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Created: February 2017
| Updated: February 2017
August William Derleth (February 24 1909 – July 4 1971) was an American writer and anthologist. Though best remembered as Howard Phillips Lovecraft's literary executor and for his own contributions to the Cthulhu Mythos genre of horror, Derleth was a prolific writer in several genres, including historical fiction and detective fiction.
The son of William Julius Derleth and his wife Rose Louise Volk, he grew up in Sauk City, Wisconsin. At the age of 16, he sold his first story to Weird Tales magazine. Derleth wrote all throughout his four years at the University of Wisconsin-Madison and received a B.A. in 1930. During this time he served briefly as editor of Mystic Magazine.
In the mid-1930s he organised a Ranger's Club for young people, served as clerk and president of the local Board of Education, served as a parole officer, organised a local Men's Club and a Parent-Teacher Association. He also lectured in American Regional Literature at the University of Wisconsin.
In 1941 he became literary editor of The Capital Times newspaper in Madison, a post he held until his resignation in 1960.
Derleth was married April 6 1953 to Sandra Evelyn Winters; they were divorced six years later in 1959. He retained custody of their two children, April Rose and Walden William. In 1960, Derleth began editing and publishing a magazine called Hawk and Whippoorwill, dedicated to poems of man and nature.
He died on July 4, 1971 and is buried in St. Aloysius Cemetery in Sauk City.
Derleth was a contemporary and friend of H. P. Lovecraft — when Lovecraft wrote about "le Comte d'Erlette" in his fiction, it was in homage to Derleth. Derleth invented the term Cthulhu Mythos to describe the fictional universe described in the series of stories shared by Lovecraft and other writers in his circle. Derleth's own writing emphasized the struggle between good and evil, in line with his own Christian worldview and in contrast with Lovecraft's depiction of an amoral universe. Derleth also treated Lovecraft's Old Ones as representatives of elemental forces, creating new entities to flesh out this framework.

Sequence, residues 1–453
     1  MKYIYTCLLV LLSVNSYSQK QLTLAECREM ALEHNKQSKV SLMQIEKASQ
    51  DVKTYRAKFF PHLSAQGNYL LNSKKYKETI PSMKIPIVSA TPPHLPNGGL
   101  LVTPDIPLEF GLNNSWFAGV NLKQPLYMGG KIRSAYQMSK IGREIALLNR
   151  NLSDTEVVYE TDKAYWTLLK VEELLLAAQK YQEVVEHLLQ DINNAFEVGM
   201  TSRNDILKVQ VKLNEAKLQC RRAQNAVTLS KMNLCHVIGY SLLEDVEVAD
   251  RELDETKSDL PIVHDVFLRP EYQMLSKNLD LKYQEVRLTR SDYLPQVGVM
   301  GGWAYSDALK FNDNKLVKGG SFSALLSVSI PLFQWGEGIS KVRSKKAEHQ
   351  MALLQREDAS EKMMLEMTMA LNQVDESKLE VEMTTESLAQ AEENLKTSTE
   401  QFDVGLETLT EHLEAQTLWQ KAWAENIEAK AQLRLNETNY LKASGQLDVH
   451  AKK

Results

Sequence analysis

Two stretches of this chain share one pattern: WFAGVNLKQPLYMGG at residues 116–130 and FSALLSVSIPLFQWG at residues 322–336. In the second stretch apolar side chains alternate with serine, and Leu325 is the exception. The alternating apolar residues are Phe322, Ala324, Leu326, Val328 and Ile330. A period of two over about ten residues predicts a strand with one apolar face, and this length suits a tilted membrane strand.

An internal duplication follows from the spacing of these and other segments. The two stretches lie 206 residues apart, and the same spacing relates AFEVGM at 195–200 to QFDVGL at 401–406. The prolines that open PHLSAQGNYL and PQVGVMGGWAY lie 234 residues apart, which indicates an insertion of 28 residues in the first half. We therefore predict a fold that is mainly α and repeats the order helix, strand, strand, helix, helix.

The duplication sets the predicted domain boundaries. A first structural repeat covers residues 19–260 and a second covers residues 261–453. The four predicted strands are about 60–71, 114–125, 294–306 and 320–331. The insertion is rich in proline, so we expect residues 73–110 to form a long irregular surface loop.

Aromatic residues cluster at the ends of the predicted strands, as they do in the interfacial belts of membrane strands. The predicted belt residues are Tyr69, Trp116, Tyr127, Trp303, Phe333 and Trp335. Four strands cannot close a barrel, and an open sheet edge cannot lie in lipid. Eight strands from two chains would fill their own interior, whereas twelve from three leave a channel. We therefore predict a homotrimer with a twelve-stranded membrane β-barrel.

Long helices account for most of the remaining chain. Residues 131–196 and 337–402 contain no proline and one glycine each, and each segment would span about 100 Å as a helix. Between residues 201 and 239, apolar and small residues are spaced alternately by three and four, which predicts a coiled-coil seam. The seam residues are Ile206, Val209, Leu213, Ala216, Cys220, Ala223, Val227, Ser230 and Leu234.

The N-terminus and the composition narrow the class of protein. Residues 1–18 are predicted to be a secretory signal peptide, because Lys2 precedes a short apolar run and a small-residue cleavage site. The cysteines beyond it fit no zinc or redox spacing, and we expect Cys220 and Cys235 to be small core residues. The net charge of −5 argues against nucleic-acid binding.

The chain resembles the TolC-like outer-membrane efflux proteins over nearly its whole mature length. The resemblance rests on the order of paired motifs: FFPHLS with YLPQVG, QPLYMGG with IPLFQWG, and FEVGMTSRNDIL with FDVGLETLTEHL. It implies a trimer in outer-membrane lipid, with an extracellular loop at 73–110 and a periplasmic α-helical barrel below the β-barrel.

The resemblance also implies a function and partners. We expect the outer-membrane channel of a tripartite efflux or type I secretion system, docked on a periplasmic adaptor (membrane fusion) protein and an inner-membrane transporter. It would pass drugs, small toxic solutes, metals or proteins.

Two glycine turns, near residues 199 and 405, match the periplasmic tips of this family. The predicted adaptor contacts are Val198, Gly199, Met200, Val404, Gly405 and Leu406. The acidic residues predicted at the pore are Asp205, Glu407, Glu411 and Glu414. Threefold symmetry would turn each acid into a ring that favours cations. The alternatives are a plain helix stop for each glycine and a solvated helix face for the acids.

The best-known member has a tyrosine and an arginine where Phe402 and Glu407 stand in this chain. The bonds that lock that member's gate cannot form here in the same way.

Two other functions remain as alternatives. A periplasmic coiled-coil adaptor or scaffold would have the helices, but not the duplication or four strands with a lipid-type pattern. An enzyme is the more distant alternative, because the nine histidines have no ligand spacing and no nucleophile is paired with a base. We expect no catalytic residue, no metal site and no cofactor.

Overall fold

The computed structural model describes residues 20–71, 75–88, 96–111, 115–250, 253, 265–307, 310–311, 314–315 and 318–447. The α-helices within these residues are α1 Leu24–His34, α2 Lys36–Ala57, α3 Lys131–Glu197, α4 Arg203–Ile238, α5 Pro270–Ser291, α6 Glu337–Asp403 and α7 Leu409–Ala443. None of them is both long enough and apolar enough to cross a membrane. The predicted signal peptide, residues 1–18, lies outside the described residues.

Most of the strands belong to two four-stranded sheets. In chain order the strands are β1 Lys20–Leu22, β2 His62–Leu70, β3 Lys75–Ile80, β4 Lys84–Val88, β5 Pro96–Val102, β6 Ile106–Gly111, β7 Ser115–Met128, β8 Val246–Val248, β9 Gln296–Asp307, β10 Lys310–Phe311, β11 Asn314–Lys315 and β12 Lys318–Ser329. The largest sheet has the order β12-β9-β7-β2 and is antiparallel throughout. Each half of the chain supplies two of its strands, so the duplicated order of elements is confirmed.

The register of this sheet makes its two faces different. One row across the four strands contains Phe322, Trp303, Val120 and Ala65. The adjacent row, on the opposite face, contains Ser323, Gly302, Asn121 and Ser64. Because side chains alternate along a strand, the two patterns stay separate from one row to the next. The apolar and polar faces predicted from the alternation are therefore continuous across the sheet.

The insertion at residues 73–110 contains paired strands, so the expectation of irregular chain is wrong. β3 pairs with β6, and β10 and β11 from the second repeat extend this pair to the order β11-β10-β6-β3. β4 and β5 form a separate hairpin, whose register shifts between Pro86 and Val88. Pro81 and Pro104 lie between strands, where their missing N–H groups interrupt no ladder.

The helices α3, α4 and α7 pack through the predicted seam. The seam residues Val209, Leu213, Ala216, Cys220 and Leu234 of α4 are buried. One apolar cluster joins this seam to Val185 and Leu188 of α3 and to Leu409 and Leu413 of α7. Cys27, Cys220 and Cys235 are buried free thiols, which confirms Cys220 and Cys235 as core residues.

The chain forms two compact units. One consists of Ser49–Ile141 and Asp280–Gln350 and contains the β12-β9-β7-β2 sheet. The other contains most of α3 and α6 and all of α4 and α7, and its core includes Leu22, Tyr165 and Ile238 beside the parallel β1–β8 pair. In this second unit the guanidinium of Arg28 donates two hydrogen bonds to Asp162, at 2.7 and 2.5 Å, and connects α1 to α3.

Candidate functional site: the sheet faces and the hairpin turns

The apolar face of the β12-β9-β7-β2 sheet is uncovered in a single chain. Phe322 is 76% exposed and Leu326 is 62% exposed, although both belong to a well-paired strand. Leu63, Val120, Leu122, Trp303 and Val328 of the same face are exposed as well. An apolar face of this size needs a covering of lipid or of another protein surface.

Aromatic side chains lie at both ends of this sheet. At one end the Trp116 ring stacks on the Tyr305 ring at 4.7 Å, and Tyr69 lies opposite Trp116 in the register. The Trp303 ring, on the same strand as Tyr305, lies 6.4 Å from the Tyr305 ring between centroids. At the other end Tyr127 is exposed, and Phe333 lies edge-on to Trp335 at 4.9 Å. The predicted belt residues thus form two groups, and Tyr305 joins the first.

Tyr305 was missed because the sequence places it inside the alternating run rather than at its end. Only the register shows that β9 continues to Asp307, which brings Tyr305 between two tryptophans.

When Lovecraft died in 1937, Derleth and Donald Wandrei put together a collection of that author's stories and tried to get them published. With existing publishers showing little interest, they founded Arkham House in 1939 to do it themselves. The name of the company comes from Lovecraft's fictional town of Arkham, Massachusetts, which featured in many of his stories.
Following Lovecraft's death, Derleth wrote a number of stories based on fragments and notes left by Lovecraft. These were published in Weird Tales and later in book form, under the byline "H.P. Lovecraft and August Derleth", with Derleth calling himself a "posthumous collaborator".
In 1939 Arkham House published The Outsider and Others, a huge collection that contained most of Lovecraft's short stories then known to exist. Derleth and Wandrei soon decided to expand Arkham House and began a regular publishing schedule after its second book, Someone in the Dark in 1941, a collection of some of Derleth's own horror stories.
A significant number of H.P. Lovecraft fans find themselves dissatisfied with Derleth's invention of the term Cthulhu Mythos and his belief that Lovecraft's fiction has an overall pattern, influenced by Derleth's Christianity. Other complaints deal with the "posthumous collaborations". Still there is little but praise for Derleth for his founding of Arkham House and for successful effort to rescue Lovecraft from literary obscurity.
Derleth wrote more than 150 short stories and more than 100 books during his lifetime. Included among that number were several novels about a Sherlock Holmes-like British detective named Solar Pons. His other series included the Sac Prairie Saga and the Wisconsin Saga and the Judge Peck series.
He also wrote introductions to several collections of classic early 20th century comics such as Buster Brown, Little Nemo in Slumberland, and Katzenjammer Kids, as well as a book of children's poetry entitled A Boy's Way. He also wrote under the pseudonyms Stephen Grendon, Kenyon Holmes and Tally Mason.
Derleth's papers and comic book collection were donated to the Wisconsin Historical Society in Madison. They have been organized by the State Archives that is located there.